An Abu Dhabi dress show reflects a steady shift towards western styles, with a new type of wedding fashion establishing itself.
Here comes the bride, keeping it simple
ABU DHABI // Bridal dresses in the UAE aren't what they used to be. A weekend stroll through the Bride Show Abu Dhabi made it clear that a new type of wedding fashion is establishing itself. Some brides are bypassing yards of glitter in favour of simpler, more classically western designs and cuts, according to designers at the event at the National Exhibition Centre.
But the dresses still have Emirati colour and sparkle. And, according to an Iraqi designer, Hollywood is picking up on the Arab love of flair. As the UAE continues its massive transformation, young women are increasingly taking their cues from catwalks and malls instead of their mother's closets when they envision their dream dresses. Mireille Loughlin, the owner of the Dubai-based fashion house Arushi, has watched Emirati bridal fashion transform over the past 30 years.
"If this generation lives in stretch-cloth and jeans, you cannot expect them to wear what their mothers wore," she said. Emirati women will purchase between three and five dresses for their bridal festivities. The main dress worn at the most lavish party will typically be white, a custom adopted from the West at the time Ms Loughlin came to the UAE from France to design dresses for local clients three decades ago.
To create the patterns, she spent years attending weddings and speaking to local women about fashion. "No one now could experience what we experienced then," she said. "It was the best learning curve we could have had." The style of the dresses was dictated by the demands of the brides themselves. At first, a wedding dress would have been a simple garment with plain cloth to accommodate heavy gold necklaces and belts.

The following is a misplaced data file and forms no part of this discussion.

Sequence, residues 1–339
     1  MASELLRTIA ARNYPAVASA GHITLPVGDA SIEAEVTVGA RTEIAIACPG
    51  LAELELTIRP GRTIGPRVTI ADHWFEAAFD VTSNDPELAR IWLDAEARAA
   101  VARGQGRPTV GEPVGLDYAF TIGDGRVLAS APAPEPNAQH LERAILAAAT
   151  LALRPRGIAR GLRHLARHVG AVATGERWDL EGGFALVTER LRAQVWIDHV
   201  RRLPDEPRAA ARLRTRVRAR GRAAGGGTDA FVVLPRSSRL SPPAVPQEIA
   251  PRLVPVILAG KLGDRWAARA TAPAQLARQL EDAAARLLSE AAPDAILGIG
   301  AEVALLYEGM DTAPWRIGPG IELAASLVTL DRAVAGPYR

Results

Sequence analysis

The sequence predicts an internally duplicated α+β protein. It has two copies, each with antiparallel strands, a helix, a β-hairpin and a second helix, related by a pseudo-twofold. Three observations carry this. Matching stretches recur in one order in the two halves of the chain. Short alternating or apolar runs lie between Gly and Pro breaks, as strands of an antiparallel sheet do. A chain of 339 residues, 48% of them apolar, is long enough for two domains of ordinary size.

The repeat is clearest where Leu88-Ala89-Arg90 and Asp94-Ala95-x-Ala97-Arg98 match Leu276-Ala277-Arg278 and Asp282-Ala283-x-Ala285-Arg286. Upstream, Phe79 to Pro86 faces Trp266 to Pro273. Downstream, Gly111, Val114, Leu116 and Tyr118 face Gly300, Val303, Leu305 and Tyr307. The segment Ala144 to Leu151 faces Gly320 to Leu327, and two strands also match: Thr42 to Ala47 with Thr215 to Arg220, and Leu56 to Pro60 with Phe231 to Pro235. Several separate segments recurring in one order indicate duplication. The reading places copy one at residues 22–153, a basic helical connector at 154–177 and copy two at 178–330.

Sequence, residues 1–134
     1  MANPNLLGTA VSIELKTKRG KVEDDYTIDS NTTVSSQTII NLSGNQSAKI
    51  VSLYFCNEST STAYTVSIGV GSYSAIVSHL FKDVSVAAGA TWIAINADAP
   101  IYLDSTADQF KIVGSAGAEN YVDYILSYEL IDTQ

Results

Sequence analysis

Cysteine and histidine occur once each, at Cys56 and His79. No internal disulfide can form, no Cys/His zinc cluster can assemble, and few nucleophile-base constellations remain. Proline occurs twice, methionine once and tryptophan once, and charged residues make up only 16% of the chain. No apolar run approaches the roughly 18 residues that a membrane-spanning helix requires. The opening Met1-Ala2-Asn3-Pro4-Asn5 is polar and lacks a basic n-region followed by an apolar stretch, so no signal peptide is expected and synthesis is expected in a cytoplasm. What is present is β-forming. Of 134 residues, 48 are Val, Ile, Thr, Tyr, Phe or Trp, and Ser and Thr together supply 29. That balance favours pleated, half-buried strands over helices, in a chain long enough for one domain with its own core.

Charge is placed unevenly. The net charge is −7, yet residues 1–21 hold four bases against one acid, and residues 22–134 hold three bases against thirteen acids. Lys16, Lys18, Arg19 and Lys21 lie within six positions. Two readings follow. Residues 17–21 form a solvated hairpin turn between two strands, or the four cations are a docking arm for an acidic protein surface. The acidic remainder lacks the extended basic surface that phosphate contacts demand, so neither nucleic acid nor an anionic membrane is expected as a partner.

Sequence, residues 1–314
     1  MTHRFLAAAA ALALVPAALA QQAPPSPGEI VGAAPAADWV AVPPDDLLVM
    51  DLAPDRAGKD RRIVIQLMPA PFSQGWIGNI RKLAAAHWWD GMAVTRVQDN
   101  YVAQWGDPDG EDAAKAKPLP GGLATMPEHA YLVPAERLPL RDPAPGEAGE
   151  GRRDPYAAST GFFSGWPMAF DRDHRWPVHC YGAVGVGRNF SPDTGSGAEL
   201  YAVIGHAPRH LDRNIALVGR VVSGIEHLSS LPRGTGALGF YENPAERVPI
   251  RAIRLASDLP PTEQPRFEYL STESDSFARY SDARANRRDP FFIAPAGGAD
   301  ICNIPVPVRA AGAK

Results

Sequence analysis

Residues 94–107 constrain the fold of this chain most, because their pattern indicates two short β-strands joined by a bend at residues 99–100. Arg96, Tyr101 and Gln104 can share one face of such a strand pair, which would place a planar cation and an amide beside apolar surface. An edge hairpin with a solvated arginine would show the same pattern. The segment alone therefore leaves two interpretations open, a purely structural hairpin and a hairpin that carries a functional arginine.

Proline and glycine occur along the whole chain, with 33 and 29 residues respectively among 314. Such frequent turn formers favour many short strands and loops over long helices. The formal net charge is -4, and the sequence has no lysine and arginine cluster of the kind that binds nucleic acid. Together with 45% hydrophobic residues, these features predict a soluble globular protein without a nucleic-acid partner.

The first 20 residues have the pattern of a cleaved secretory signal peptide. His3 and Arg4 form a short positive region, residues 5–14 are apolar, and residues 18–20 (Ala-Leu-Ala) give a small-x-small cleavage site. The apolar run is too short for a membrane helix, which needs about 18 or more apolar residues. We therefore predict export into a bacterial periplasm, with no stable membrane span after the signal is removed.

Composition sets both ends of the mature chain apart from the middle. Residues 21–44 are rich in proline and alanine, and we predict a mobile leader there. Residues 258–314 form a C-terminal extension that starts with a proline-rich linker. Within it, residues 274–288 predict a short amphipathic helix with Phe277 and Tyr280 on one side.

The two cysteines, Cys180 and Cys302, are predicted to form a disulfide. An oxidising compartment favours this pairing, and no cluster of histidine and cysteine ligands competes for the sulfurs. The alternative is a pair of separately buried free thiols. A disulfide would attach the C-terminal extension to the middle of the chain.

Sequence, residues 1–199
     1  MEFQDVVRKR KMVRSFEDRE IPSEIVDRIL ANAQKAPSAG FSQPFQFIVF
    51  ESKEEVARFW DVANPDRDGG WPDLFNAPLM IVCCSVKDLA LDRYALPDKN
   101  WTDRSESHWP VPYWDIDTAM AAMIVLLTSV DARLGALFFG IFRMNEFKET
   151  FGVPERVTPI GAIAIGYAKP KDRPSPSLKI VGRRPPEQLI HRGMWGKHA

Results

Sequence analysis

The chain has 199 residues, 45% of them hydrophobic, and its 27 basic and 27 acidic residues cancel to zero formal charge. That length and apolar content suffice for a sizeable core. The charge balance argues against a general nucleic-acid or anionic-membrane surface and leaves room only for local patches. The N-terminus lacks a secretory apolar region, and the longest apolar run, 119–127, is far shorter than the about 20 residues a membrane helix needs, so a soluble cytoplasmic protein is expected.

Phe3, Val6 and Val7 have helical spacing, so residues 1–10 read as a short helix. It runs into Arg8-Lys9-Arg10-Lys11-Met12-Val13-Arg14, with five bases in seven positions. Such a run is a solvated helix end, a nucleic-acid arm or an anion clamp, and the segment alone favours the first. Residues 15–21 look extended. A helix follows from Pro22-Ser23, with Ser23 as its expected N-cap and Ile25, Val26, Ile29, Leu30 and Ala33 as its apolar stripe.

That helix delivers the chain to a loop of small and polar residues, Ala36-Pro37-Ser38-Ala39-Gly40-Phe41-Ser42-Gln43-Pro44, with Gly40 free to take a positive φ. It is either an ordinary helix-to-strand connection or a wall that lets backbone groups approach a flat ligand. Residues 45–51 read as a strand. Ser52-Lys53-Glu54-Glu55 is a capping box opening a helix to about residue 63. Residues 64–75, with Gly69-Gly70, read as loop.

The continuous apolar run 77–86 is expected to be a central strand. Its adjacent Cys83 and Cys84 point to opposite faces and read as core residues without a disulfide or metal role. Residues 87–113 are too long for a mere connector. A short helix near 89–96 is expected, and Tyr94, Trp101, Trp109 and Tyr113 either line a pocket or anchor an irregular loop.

"The dresses were very intricate, full, full of work. They were very embroidered. At the time, we didn't know anything about embroidery," she said. Over time, she began incorporating western cuts to create a hybrid style. Her most popular dresses are purchased for pre-wedding henna parties. They incorporate bright oriental colours like green and red with intricate embroidery and long, dramatic sleeves. However, they are tailored around the waist and emphasise the bust cuts that are popular in Europe.
"Now, everyone is inspired by magazines and websites. Before, this was all done behind closed doors," she said. "Now we are inspired by the catwalks of Europe." Still, modern bridal dresses are not wholly western. They tend to be more colourful. They also sport more sparkle. "When we design, we still have to be conscious of culture," Ms Loughlin said. "Sometimes [brides] will go to the mall and buy Givenchy, Chanel, Dior and all that. Always, they find something missing."
Usually the missing element can be corrected with the application of additional Swarovski crystals, she explained. "That's why we spend a lot of time doing alterations of haute couture dresses." At the other end of the exhibition hall, Emirati and European women alike gathered around a more recent addition to the local bridal industry. Dressed in a floor-length white dress with intricate updo and chandelier earrings, the Iraqi designer Zeena Zaki showed potential brides' dresses in dusty rose and subtle turquoise, colours inspired by the fashions of the 1930s and 1940s.
"I just feel it is so feminine, so comfortable. Also, it's not so heavy," Ms Zaki said. "Crystal can be done and done well. [They are] beautiful, but only if you know where to put it." Her dresses mix classic western cuts with Arabic flair. It is a recipe that has helped her expand her operations to Dubai since opening her first UAE outlet in Sharjah in 2003. "Most of Hollywood are going now for light crystals. They are also wearing dresses from Arabic designers. When I started this eight years ago, I feel that the taste has changed a lot," she said.
Although the same bridal show where her designs are exhibited also has stalls that will rent elaborate, Dh150,000 (US$41,000) dresses with pounds of jewels sewn in, Ms Zaki said her job is to educate her customers as well as serve them. firstname.lastname@example.org